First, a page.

By Vositha Wijenayake
In 2010, at the 16th session of the Conference of Parties, the Cancun Adaptation Framework (CAF) affirmed that adaptation and mitigation need to be addressed with the same level of priority. The objective of the CAF provides for the enhancement of adaptation action, through international cooperation, and coherent consideration of matters relating to adaptation under the Convention. The ultimate objective of this being the reduction of vulnerability of communities to the impacts of climate change, and building resilience in developing countries especially those that are most vulnerable to climate change.
CAF & NAPs
CAF further introduced the national adaptation plans (NAPs), a key element to address adaptation at national level, as part of the five clusters introduced by the CAF. NAPs was introduced as a process to enable LDC Parties to formulate and implement adaptation actions at the national level. The CAF also invited other developing country Parties to employ modalities developed to support the NAPs.
Since Cancun, the NAPs further evolved through subsequent COP decisions. The adaptation actions are to be undertaken in accordance with the Convention, follow a country-driven, gender-sensitive, participatory and fully transparent approach, taking into consideration vulnerable groups, communities and ecosystems. They are also to be based on and guided by the best available science and, as appropriate, traditional and indigenous knowledge; and be undertaken with a view to integrating adaptation into relevant social, economic and environmental policies and actions. Finance for NAPs for LDCs was requested to be through the Least Developed Countries Fund, and for developing countries to be through the Special Climate Change Fund and the Green Climate Fund, based on country driven, and any preparatory efforts that exist in the country to implement the NAPs.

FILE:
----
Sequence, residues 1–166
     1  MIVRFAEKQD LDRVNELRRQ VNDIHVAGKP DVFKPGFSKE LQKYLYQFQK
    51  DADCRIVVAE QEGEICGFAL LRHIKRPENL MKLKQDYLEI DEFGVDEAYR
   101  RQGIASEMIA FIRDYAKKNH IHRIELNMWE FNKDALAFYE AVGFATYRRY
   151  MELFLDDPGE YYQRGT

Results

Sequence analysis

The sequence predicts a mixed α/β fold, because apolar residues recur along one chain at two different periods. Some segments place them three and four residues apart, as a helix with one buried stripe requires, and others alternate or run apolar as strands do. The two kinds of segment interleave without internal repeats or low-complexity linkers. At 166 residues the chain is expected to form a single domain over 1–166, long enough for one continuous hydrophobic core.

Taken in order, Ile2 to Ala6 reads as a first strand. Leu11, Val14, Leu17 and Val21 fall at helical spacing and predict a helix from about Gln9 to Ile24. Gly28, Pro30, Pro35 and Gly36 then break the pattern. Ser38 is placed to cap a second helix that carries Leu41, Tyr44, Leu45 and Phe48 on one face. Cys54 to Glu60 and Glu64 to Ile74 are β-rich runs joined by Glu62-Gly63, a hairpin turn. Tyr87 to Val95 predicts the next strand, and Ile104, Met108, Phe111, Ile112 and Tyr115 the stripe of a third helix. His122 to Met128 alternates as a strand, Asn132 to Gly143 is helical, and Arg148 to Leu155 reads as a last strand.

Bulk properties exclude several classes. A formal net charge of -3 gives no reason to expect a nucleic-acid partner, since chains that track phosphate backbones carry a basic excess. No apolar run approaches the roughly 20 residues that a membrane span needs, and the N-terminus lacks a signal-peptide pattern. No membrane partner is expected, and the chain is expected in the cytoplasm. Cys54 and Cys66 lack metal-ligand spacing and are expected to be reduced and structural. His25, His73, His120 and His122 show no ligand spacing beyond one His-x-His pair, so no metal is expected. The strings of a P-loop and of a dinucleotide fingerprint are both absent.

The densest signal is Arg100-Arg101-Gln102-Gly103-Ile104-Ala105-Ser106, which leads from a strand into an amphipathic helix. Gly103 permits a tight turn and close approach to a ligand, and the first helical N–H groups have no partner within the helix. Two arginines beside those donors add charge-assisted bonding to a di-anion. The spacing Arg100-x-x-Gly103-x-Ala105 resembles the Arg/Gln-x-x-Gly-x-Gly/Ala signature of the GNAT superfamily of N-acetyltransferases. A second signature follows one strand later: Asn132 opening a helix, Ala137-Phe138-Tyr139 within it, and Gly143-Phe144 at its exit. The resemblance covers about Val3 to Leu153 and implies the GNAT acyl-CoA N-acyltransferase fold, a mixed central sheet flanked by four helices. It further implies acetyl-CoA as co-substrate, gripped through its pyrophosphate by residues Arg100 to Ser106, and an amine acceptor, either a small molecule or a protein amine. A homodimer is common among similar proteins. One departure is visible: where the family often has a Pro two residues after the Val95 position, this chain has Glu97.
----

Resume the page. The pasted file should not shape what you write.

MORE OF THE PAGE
The question that remains is what role or importance is allocated to NAPs by the Draft Texts for Paris, and what outcomes could be expected for them, based on the documents proposed for negotiations. For the purpose of this article, the choice of language for commitment towards adaptation and NAPs have been considered as binding, and the “best-case” choice of text – using the “shall” bracketed options is considered.
COP21 Draft Text for the Agreement
Adaptation is included in Article 4 of the negotiating text. Among choices to be made that have grabbed the attention of many is the choice between global goal and long-term vision for adaptation. While agreeing that the global goal on adaptation is important, and that it needs to reflect the level of temperature based on the mitigation targets, and link that to the associated level of adaptation that would be needed, what remains missing in importance seems to be the NAPs in the text. While certain elements to be highlighted in NAPs, such as those of livelihoods, gender equality, economic diversification, ecosystems are reflected through options to be decided on, the direct reference to NAPs remain minute, and not reflecting the amount of time invested in the five years since Cancun to ensure that the formulation, and more importantly the implementation, of NAPs would be a key element in the progress of adaptation actions in countries.